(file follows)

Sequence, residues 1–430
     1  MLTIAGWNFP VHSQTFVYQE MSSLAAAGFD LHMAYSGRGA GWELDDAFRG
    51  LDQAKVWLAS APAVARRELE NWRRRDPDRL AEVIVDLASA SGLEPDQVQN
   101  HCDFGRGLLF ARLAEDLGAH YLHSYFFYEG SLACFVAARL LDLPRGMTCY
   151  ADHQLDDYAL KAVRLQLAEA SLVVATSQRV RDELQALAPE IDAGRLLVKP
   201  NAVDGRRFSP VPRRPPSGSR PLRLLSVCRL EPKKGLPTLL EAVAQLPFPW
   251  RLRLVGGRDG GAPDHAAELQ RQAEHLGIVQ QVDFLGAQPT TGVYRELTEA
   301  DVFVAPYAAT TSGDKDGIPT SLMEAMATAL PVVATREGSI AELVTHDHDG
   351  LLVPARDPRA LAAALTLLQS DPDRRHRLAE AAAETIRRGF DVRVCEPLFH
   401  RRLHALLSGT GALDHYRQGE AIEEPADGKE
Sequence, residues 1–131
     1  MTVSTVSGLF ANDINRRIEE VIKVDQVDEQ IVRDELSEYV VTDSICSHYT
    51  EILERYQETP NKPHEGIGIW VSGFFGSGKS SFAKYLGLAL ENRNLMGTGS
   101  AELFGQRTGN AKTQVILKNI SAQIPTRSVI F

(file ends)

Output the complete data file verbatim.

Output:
Sequence, residues 1–430
     1  MLTIAGWNFP VHSQTFVYQE MSSLAAAGFD LHMAYSGRGA GWELDDAFRG
    51  LDQAKVWLAS APAVARRELE NWRRRDPDRL AEVIVDLASA SGLEPDQVQN
   101  HCDFGRGLLF ARLAEDLGAH YLHSYFFYEG SLACFVAARL LDLPRGMTCY
   151  ADHQLDDYAL KAVRLQLAEA SLVVATSQRV RDELQALAPE IDAGRLLVKP
   201  NAVDGRRFSP VPRRPPSGSR PLRLLSVCRL EPKKGLPTLL EAVAQLPFPW
   251  RLRLVGGRDG GAPDHAAELQ RQAEHLGIVQ QVDFLGAQPT TGVYRELTEA
   301  DVFVAPYAAT TSGDKDGIPT SLMEAMATAL PVVATREGSI AELVTHDHDG
   351  LLVPARDPRA LAAALTLLQS DPDRRHRLAE AAAETIRRGF DVRVCEPLFH
   401  RRLHALLSGT GALDHYRQGE AIEEPADGKE
Sequence, residues 1–131
     1  MTVSTVSGLF ANDINRRIEE VIKVDQVDEQ IVRDELSEYV VTDSICSHYT
    51  EILERYQETP NKPHEGIGIW VSGFFGSGKS SFAKYLGLAL ENRNLMGTGS
   101  AELFGQRTGN AKTQVILKNI SAQIPTRSVI F